Root canal therapy scares many people. Even people who have never had the procedure are intimidated by it. Many people envision a painful procedure where a dentist manically drills their teeth. In reality, it will actually save the tooth while eliminating pain. In fact, root canal therapy is much more comfortable than you may think.
What is Root Canal Therapy?
Root canal therapy, also known as endodontic therapy, is a dental treatment that helps preserve the structure of a decayed or infected tooth. The tooth is made up of a crown and roots. The crown sits above the gum and the roots, which attach the teeth to the gumline, are underneath. In the crown and roots, there is a hollow section called the pulp, also known as the root canal.
The pulp contains the nerves, blood vessels, and connective tissue. It provides nourishment to the teeth and moisture to the surrounding areas. During the procedure, a dentist will remove the pulp of an infected tooth. This treatment’s purpose is to eliminate the patient’s pain by eliminating the tooth’s nerves. The nerves aren’t needed for the tooth’s health and function which is why they can be taken out.
Who Needs It?
The pulp can become damaged by deep decay, repeated dental procedures on the tooth, a crack or a chip in the tooth, or an injury to the face. An infected pulp cannot repair itself. Furthermore, if it is left untreated, it can lead to further infection or an abscessed tooth. An infection can cause swelling, bone loss and drainage problems in the root.
If you have any of the following symptoms, you may want to speak with your dentist:
- a cracked or chipped tooth,
- swollen gums,
- deep decay or darkening of the gums,
- severe pain while eating or
- a cyst on the gums
It is a great alternative to tooth extraction. It will save the tooth and prevent you from having to replace the tooth.
What is the Process of Root Canal Therapy?
The process will require at least one and possibly more than one visit with a dentist or an endodontist.
Here is a simple breakdown of the process:
- An x-ray will be taken to view the root canal and the site of infection.
- Local anesthesia may be used to numb the area.
- A rubber dam will be placed around the tooth to prevent saliva from getting the tooth wet.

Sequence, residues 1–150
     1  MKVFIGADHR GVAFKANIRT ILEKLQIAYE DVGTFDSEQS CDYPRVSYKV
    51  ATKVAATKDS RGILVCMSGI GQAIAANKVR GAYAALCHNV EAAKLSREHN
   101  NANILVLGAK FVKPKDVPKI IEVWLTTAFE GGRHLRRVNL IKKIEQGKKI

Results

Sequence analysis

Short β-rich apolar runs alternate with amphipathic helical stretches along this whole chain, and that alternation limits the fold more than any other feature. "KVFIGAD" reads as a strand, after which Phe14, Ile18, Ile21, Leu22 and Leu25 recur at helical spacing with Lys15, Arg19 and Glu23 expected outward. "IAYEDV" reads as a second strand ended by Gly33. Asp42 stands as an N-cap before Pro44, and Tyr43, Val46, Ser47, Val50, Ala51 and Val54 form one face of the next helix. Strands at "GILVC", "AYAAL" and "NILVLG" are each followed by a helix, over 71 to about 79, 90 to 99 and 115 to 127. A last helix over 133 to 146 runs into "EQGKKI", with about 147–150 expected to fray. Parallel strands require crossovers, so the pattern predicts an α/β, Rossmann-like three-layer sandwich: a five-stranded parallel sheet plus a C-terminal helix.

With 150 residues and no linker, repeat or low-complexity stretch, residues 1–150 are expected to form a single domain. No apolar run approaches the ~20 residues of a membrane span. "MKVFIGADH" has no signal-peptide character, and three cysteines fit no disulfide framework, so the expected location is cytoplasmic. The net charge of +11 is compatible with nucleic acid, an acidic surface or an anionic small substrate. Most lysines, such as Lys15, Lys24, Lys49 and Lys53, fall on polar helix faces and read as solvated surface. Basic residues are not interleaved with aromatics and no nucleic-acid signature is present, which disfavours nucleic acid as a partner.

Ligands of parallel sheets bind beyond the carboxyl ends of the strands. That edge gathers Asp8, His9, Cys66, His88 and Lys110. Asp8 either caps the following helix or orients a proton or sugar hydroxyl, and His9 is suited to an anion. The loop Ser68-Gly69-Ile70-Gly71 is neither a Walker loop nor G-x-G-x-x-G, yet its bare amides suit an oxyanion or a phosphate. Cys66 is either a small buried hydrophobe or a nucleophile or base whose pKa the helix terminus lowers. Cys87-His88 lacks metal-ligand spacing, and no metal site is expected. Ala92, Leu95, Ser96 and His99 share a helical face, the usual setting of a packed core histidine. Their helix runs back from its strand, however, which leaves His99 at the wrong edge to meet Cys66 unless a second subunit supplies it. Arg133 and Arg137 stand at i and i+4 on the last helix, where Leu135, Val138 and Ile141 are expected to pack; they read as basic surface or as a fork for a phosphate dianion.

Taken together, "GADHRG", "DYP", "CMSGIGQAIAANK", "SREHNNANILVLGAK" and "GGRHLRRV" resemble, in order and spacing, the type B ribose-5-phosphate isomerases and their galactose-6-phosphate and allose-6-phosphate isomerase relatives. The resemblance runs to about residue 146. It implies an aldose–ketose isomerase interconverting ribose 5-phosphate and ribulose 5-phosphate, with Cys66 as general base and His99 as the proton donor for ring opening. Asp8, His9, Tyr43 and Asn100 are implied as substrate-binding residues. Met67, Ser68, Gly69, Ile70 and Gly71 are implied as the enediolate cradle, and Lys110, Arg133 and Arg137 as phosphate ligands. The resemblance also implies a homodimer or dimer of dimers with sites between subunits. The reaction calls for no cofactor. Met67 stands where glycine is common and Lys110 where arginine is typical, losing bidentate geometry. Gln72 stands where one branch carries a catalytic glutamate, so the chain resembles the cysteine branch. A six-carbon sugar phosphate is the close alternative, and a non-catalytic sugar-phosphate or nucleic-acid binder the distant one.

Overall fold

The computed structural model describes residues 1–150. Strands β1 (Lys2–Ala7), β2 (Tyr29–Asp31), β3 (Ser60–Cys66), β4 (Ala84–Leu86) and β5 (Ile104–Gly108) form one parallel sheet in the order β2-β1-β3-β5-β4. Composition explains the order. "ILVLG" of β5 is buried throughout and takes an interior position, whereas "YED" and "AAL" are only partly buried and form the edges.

- The dentist will drill an access point into the tooth.
- The pulp, bacteria, and debris will be removed from the root canal.
- The dentist will fill the area using a rubber-like material.
- The dentist will seal the tooth on the day of the procedure or a week after.
- A temporary filling will be inserted if the dentist chooses to seal the tooth later.
- The dentist will restore the tooth using a crown, a crown and post, or another restoration tool.
After receiving the treatment, the patient may experience sensitivity or discomfort on the gums. However, after the procedure, the tooth is dead. The patient won’t feel anything in that tooth because the nerves have been removed. The tooth may also be more susceptible to fracture.
Root canal therapy has received a bad reputation throughout the years. Contrary to popular belief, the procedure is not painful. It can save a tooth and is a great alternative to tooth extraction.
The best way to prevent the need for the procedure is to brush your teeth twice a day, floss and visit a dentist for regular cleanings. A dentist can spot decay before it becomes a large issue.
Where Can I Get Root Canal Therapy?
Stroud Dental offers root canal therapy for our patients in the Barrie, Simcoe County and surrounding area. Our treatment will save your teeth and take away your pain. Contact us today to learn more or to book your appointment.